How far back does the idea of India go?
One school of thought makes the case that India, as the BJP Manifesto has it, “is perhaps the most ancient and continuing civilisation of the world”. But this harking back to the glories of a past that must be resurrected can lead to extremist movements, and not everyone agrees. The eminent historian Ramachandra Guha says bluntly: “As a political entity, India is a modern construct. The British, accidentally and for their own motives, created an artificial territorial unity; and then Gandhi and the national movement fostered a political unity and shared moral purpose to the people who lived in that territory. The search for ancient or medieval progenitors of the idea of India is unhistorical, and also dangerous, since it tends to end with a narrowly Hindu idea of Indian nationhood.”
Dalrymple might agree that India acquires a political unity in 1947, and that until then, “there is almost no point in Indian history where the whole of India is united—not under the Cholas, or Akbar, or the British”. But he also points to the fact that there has been a continuous, historical notion of India as a geographical entity: “There is at least a concept of India.”
What shapes our personal ideas of India?
Nehru found his history in jail, during the National Movement, through a series of letters to his daughter; and then through the project of writing about the history of the country he was fighting for. Gandhi found his through the age-old Indian tradition of the padayatra, the personal pilgrimage, lathi in hand, around his country.
For today’s authors, the discovery of India is almost always a slow, cumulative progress: there are no shortcuts. Mukul Kesavam, scholar and professor at Jamia Millia University, began thinking about India as an idea when he was writing his pamphlet on secularism in India. “I knew that ‘Indian’ secularism was meant to be different from the western sort (not a rigorous separation of the public realm from religion, but a state that was equally intimate with all religions etc.) but it hadn’t occurred to me that Indian nationalism was singular or original or odd. Not only was secularism in India a species of pluralism, but so was nationalism.”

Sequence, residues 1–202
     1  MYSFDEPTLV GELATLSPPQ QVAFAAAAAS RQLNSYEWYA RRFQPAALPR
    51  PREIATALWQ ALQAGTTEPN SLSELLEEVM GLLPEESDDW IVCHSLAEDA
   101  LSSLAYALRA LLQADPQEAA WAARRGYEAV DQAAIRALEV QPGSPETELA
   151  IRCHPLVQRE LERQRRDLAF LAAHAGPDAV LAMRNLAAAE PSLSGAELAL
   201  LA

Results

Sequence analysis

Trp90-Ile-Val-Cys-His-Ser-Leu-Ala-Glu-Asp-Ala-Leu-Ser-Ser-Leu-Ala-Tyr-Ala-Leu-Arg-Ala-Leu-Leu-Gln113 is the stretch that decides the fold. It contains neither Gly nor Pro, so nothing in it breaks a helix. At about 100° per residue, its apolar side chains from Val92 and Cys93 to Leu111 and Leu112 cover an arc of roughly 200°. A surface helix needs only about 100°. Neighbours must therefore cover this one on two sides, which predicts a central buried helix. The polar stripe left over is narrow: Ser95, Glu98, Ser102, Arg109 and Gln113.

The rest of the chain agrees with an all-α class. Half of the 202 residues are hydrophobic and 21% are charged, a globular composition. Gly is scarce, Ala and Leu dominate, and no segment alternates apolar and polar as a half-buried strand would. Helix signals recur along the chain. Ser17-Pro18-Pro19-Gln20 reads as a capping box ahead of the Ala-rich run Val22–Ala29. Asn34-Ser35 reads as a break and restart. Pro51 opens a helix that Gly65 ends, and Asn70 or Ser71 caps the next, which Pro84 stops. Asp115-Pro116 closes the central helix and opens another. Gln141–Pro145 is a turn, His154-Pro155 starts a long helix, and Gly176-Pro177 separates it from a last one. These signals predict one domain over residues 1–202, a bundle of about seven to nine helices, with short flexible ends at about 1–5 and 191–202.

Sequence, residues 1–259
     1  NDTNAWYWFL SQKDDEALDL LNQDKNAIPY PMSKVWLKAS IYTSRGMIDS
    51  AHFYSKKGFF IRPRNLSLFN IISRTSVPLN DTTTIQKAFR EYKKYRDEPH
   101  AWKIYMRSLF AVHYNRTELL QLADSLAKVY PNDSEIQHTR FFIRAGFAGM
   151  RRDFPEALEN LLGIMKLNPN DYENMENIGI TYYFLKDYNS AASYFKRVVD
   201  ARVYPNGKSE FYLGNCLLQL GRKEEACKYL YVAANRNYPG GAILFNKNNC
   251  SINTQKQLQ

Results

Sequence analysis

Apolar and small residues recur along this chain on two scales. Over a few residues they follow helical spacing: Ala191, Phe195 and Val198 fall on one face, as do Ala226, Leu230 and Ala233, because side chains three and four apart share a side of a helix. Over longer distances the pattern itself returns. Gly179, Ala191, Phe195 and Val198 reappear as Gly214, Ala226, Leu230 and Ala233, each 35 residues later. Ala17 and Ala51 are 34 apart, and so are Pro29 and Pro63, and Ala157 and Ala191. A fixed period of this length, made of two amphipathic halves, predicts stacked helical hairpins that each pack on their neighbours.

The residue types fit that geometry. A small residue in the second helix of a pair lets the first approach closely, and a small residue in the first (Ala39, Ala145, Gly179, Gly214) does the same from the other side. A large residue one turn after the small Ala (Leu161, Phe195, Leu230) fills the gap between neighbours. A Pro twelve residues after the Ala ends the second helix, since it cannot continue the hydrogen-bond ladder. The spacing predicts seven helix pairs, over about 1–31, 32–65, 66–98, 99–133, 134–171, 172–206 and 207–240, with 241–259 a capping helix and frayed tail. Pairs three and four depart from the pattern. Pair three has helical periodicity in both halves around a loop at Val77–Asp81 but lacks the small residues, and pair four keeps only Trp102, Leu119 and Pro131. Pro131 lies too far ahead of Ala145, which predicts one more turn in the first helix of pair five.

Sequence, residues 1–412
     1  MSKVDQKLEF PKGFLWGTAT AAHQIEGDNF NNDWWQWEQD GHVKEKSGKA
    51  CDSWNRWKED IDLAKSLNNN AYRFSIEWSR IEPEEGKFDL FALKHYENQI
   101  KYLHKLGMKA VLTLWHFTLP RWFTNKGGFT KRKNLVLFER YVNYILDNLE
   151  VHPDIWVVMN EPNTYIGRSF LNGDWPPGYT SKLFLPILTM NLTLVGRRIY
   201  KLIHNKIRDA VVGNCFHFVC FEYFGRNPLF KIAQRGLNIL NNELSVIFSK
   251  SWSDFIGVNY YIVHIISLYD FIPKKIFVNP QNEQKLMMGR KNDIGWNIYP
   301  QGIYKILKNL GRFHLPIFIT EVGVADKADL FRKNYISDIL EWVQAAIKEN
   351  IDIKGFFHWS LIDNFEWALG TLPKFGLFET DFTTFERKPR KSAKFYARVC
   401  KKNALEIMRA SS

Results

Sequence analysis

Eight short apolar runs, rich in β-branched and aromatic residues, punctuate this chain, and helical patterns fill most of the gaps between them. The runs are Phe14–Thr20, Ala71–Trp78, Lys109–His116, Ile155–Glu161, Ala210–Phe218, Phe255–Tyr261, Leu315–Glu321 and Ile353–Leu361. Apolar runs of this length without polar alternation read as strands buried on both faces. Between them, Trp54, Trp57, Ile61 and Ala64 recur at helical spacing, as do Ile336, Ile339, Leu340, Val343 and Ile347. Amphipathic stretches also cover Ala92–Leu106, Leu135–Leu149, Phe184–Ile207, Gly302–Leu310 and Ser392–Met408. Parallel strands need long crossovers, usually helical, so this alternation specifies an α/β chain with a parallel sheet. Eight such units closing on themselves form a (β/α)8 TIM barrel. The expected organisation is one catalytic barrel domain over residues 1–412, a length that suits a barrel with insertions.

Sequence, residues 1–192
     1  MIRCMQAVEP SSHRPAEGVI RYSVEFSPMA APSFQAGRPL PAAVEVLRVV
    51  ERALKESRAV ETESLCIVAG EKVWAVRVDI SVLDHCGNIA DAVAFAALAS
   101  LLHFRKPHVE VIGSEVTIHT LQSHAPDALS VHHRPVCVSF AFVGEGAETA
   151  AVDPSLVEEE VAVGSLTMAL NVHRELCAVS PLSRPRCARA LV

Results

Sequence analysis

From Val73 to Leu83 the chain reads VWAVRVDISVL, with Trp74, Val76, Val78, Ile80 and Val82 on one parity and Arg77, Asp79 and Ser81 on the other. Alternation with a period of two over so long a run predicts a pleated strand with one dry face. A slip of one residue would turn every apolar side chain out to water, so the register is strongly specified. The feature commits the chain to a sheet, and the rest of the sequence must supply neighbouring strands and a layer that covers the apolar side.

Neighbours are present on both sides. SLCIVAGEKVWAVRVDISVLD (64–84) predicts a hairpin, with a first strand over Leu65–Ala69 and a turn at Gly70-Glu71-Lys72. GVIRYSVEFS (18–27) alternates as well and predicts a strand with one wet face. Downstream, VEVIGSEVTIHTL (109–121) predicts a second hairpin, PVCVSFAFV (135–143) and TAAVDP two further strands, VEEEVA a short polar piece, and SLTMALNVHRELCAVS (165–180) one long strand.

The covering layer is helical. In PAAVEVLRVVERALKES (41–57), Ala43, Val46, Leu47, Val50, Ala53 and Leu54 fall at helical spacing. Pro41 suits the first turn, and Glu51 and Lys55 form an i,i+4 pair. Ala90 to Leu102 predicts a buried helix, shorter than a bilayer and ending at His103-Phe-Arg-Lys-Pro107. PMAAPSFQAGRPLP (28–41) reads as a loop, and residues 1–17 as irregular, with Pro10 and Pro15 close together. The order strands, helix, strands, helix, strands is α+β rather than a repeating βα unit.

For the journalist Sadanand Dhume, author of My Friend the Fanatic, his ideas of India were shaped by “lived experience—neighbourhood cricket, Hindi films on Doordarshan”. Naipaul was an early and lasting influence, but as an adult, it was the view from elsewhere in what he calls “two major dislocations” that would be useful. The first shift was conventional, a move from New Delhi to New York: “The Indian goes to the West and sees his country anew from a distance. But equally important, and less usual, was the four years I spent living in Southeast Asia, in Jakarta, and the experience of writing about the rise of Islamic fundamentalism in Indonesia.”
And for Dilip Simeon, chairperson of the Aman Trust and author, it was his time as a student travelling to famine-stricken Bihar, and time spent in “so-called revolutionary activity” that would be key. But there’s an image that stays with him, from the research he did on the history of labour in Jamshedpur and Jharia: “Among my most horrifying and fascinating sensations was the sight of the flames of the Jharia underground fire, emanating from vast fissures in the earth; and the vast swathes of subsidence. It began in 1930, and still rages.”